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How much shorter?


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#1 Zippity

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Posted 09 November 2013 - 03:25

I keep reading about and hearing that Kimi is going to race the shorter wheelbase Lotus.

 

How much shorter is the wheelbase?

 

I have not seen any figures mentioned anywhere.



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#2 MatsNorway

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Posted 09 November 2013 - 03:43

what? Assuming its the new car. They are stuffing bucked loads of more stuff into the car in terms of sheer volume and then they make the car shorter? must be a boxy looking thing. Only l feeling i get on it is that there is less air for the diffuser due to no blowing at all.  As well as perhaps fatty sidepods making it optimum with a shorter underside something something.



#3 bigleagueslider

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Posted 09 November 2013 - 05:05

F1 cars all use the maximum wheelbase dimension allowed by the rules.  And this wheelbase dimension is quite large in comparison to what you would see on a typical 4-door production car.  The most likely reason for this is to maximize the underbody area available for creating aero downforce.

 

Can't imagine any logical reason a chassis designer would opt for using less wheelbase than the rules allowed.



#4 seldo

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Posted 09 November 2013 - 05:14

Whilst they keep talking about the "short-wheelbase" car, in reality it is the original spec, and the latest car is actually a long-wheel-base version.
The difference is not insubstantial at 75mm.
http://www.formula1....013/0/1113.html

#5 Zippity

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Posted 09 November 2013 - 05:15

What I am trying to find out is the difference between Lotus' short wheelbase and long wheelbase cars.

 

Are we talking 6", 2" or 1/2" for example?

 

The media are saying "shorter", but no one is saying by how much.

 

Inquisitive minds want to know :)



#6 Zippity

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Posted 09 November 2013 - 05:24

Thanks Seldo.

 

Our posts crossed :)



#7 MatsNorway

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Posted 09 November 2013 - 17:58

oh i see.



#8 Bloggsworth

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Posted 09 November 2013 - 18:45

F1 cars all use the maximum wheelbase dimension allowed by the rules.  And this wheelbase dimension is quite large in comparison to what you would see on a typical 4-door production car.  The most likely reason for this is to maximize the underbody area available for creating aero downforce.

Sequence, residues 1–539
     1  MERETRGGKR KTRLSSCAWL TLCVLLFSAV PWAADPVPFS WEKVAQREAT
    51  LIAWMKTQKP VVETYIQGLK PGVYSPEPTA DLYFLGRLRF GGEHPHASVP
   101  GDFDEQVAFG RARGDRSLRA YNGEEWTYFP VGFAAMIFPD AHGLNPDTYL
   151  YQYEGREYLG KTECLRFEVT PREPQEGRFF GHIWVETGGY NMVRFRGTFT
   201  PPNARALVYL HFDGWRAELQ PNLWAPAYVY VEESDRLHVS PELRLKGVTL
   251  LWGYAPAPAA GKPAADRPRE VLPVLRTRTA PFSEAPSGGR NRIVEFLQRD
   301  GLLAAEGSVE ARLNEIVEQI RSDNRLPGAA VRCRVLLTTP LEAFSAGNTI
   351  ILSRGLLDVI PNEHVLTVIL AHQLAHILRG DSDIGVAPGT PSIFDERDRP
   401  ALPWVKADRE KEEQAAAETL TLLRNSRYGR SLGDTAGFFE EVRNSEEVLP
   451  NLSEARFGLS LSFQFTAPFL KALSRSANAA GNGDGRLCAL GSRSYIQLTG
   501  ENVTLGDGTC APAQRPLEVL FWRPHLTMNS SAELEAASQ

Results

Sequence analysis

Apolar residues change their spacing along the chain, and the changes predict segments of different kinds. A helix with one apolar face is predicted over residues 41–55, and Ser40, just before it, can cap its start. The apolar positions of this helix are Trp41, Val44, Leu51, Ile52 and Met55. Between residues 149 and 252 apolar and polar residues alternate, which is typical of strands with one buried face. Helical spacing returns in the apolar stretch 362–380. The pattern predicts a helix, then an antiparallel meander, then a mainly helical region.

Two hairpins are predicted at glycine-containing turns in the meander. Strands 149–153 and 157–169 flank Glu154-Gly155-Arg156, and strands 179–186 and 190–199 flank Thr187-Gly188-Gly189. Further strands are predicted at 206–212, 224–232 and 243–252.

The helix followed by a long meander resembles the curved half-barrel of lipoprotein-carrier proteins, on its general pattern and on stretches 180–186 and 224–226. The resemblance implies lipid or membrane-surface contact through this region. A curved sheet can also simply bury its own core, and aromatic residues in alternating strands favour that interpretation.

Can't imagine any logical reason a chassis designer would opt for using less wheelbase than the rules allowed.


Why not? Because you say so? The Mercedes has always had a shorter wheelbase than nearly all the others. The Lotus wheelbase is adjusted by angling the suspension links forward at the front to increase the wheelbase - Care has to be taken to ensure the car stays within the weight distribution parameters.

#9 DogEarred

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Posted 10 November 2013 - 07:47

The increase in wheelbase is more like 10-12 cm. Since the front axle line is taken as a reference for the front wing & underfloor (T-tray), both those items are stretched by the same amount.

The extra distance behind the front wheels to the sidepods allows that air to 'settle' more before entering the rad ducts or spilling round the sides, giving gains.

The weight distribution edges towards the rear, which takes load off the front tyres, allowing better durability.

I think Raikonnen prefers the slightly more 'edgy' feel to the standard car whereas Grosjean's style complements smoother turn in characteristics.

Lotus will probably stick with the longer wheelbase next season. If they survive...


Edited by DogEarred, 10 November 2013 - 07:48.


#10 seldo

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Posted 10 November 2013 - 10:53

The increase in wheelbase is more like 10-12 cm. Since the front axle line is taken as a reference for the front wing & underfloor (T-tray), both those items are stretched by the same amount.
The extra distance behind the front wheels to the sidepods allows that air to 'settle' more before entering the rad ducts or spilling round the sides, giving gains.
The weight distribution edges towards the rear, which takes load off the front tyres, allowing better durability.
I think Raikonnen prefers the slightly more 'edgy' feel to the standard car whereas Grosjean's style complements smoother turn in characteristics.
Lotus will probably stick with the longer wheelbase next season. If they survive...

Maybe you know more than them....
http://www.formula1....013/0/1113.html

#11 DogEarred

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Posted 11 November 2013 - 07:30

Whoops, duff information from my source. 10-12cm may have been the ideal target but would require shifting of chassis pick up points & thus great changes to the chassis. Just not practical half way through a season. (or legal?)

7.5cm would be about as far as you can go by angling the composite wishbones & not revising the chassis.



#12 Lee Nicolle

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Posted 12 November 2013 - 23:10

Kimi has retired to race a hospital bed from Lotus. His next race car is red!